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Congress Nears Deals Despite Trump's Rhetoric; Trump Wants Military Parade; Successful SpaceX Launch. Aired 4-4:30a ET

Aired February 7, 2018 - 04:00   ET



[04:00:13] DONALD TRUMP, PRESIDENT OF THE UNITED STATES: Let's have a shutdown. We'll do a shutdown, and it's worth it for our country. I'd love to see a shutdown.


DAVE BRIGGS, CNN ANCHOR: Congress inching toward deals on a budget and immigration, but comments from the president and his chief of staff have one key Republican saying he's holding his breath.

CHRISTINE ROMANS, CNN ANCHOR: The president wants a parade. After seeing that spectacle in France, the president wants his own military parade in Washington. But objections are being raised over using weaponry and American troops as political props.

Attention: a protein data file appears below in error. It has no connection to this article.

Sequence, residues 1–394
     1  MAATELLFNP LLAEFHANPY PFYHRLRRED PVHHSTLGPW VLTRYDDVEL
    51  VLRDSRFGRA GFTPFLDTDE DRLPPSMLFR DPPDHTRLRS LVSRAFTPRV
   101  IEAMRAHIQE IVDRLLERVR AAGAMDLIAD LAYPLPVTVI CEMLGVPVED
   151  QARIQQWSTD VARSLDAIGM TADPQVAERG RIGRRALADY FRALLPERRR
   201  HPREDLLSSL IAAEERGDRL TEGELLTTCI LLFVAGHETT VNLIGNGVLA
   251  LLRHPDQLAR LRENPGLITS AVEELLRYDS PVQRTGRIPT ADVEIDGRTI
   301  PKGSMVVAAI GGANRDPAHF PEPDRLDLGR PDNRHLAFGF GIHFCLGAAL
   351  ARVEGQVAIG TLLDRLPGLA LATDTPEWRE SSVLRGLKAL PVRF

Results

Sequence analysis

BRIGGS: And a successful launch for the most powerful rocket since the Apollo missions. The rocket already passing beyond the orbit of Mars, and it's a SpaceX Tesla roadster floating through space with David Bowie rocking out on loop.

ROMANS: Elon Musk just tossed a car to Mars. It's so cool. I love that moment.

BRIGGS: Awesome. Good morning, everyone. Welcome to EARLY START. I'm Dave Briggs.

ROMANS: And I'm Christine Romans. It is Wednesday, February 7th. It is 4:00 a.m. in the East.

And the federal government runs out of money in about 44 hours. But leaders from both parties say they are near a deal to fund the government for two years. The Republican and Democratic leaders in the Senate huddling to hash out their remaining differences on defense and domestic programs.

Sources say immigration and a deal on DACA have not been part of the spending talks.